As we near our final days of scriptwriting, one question remains: How will it all end? Since we love surprises, we asked award-winning writer Nicholas Turner to share some of the most famous twist endings around. Nick's stage plays have been performed in Washington, Chicago, San Diego, and San Francisco and he has sold three screenplays—one of which, Fissure is in post-production. Take it away, Nick!
Ending a story with a satisfying twist is one of the most challenging tasks in scriptwriting. Not because it’s hard to surprise your audience—that’s easy. Just kill off your main character, or have him turn into a hippopotamus. The reason twist endings are hard is because they have to be a surprise without being a surprise.
The best compliment a writer can get isn’t: “I never saw that ending coming.” It’s: “I can’t believe I didn’t see that coming—it was so obvious.” In order for a twist to be satisfying, it has to make perfect sense—both for the character and the story. And that means you have to lay down plenty of clues that the twist is coming. The trick is to not make your hints too obvious.
Here are five twist-ending archetypes that we’ve all seen again and again (warning: spoiler alert). They’ve been done effectively at one time or another, though they should be used with caution. You want yours to be original.
1) The puzzle. In the puzzle scenario, it’s obvious throughout the play or movie that something isn’t right. When the twist is revealed, everything finally makes perfect sense. In The Prestige (2006), how does Christian Bale’s character transport himself from one place to another? It’s because he has a twin. Other recent examples: Stay (2005), in which the film’s bizarre machinations are explained by a man’s near-death experience, and The Machinist (2004), in which a man’s guilt after accidentally killing a boy leads to insomnia and hallucination. The danger with this approach is confusing audiences too much early on.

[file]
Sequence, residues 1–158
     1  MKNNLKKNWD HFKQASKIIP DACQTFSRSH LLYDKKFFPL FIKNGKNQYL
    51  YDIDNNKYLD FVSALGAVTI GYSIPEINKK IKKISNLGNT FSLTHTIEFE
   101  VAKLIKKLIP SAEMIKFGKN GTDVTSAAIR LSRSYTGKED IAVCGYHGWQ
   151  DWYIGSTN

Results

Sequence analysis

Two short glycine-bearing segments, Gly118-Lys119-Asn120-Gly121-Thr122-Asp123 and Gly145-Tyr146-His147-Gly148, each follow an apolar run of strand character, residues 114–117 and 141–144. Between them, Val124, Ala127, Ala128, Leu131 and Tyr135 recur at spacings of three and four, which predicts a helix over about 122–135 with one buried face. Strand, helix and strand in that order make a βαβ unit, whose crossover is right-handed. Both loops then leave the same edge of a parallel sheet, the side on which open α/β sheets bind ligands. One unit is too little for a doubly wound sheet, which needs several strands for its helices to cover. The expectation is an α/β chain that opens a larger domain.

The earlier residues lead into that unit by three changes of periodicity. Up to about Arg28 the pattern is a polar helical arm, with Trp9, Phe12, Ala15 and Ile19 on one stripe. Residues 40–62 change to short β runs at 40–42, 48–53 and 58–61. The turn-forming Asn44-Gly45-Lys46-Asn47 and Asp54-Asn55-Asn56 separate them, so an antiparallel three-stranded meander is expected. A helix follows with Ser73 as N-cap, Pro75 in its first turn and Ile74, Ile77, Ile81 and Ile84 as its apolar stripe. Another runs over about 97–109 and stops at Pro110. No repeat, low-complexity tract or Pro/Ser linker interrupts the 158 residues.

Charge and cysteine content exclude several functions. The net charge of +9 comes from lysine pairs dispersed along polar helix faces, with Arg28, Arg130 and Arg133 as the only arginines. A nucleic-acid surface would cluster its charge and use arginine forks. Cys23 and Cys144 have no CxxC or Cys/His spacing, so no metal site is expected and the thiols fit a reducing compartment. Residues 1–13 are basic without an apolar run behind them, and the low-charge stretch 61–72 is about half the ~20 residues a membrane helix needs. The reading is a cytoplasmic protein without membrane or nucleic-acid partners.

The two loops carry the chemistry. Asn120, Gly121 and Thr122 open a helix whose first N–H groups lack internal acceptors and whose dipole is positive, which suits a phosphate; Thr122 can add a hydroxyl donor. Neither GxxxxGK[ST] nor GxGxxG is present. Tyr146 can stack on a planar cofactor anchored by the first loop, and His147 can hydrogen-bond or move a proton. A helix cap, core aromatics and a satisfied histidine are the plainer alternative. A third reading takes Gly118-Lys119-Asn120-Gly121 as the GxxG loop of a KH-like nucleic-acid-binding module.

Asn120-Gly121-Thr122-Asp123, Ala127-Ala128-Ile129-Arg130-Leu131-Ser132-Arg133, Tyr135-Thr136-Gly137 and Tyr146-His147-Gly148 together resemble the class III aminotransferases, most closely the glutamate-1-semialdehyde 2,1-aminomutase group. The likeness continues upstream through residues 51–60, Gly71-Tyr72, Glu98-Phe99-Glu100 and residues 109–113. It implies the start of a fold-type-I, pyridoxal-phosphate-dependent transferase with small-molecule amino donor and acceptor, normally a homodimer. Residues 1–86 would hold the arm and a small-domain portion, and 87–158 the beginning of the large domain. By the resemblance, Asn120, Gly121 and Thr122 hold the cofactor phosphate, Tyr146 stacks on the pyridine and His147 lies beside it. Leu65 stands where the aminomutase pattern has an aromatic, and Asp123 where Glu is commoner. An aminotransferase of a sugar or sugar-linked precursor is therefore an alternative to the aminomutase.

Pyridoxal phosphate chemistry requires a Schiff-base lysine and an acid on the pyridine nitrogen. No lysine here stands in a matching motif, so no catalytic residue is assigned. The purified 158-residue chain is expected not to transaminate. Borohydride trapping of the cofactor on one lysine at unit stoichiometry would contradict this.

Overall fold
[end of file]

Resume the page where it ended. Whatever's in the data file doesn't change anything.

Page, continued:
2) The reversal or double-cross. In a reversal scenario, a main character turns out to be working for the enemy. Or perhaps it’s just that his motivations aren’t what we imagined. A good example is No Way Out (1987), which reveals at the end that Kevin Costner’s character was a Soviet spy the whole time. The show “Alias” (2001–2006) relied on this twist a number of times as the central characters worked for different secret spy organizations.
3) The menace returns. This is a mainstay of horror movies, and often helps set up a sequel. Usually some kind of threat has been vanquished, and the characters are getting a reprieve. In the last scene of the movie—sometimes the last shot—the threat reappears. Take the original Friday the 13th (1980). After the heroine Alice decapitates the villain (Jason’s mother), she takes a canoe out to the middle of the lake (always a wise move). Jason jumps out of the lake and drags Alice in.
4) Conned again. Similar to the double-cross, this approach is popular in heist or caper movies. Often it’s a matter of con artists turning on each other, as they did in Matchstick Men (2003). Or, when all appears to be lost, the audience learns that the caper was more complex than they knew. This allows the main characters to escape—ideally, with boatloads of cash. This plot device was executed perfectly in Ocean’s 11 (2001) and in numerous David Mamet plays. To make it work, you have to concoct a multilayered heist and then reveal the layers one at a time, saving the last for the end. It takes a deft hand.
5) He was dead the whole time. The Sixth Sense (1999) may have made this twist famous, but it was used in The Others (2001) and made an appearance in Vanilla Sky (2001). You’re probably not going to get much more mileage out of this plot device, although you never know. How about a script where a ghost discovers it’s still alive? Wait, they’ve done that too—Just Like Heaven (2005). You may have to really twist this twist to make it feel fresh, but use some imagination and you've got a whole new surprise ending.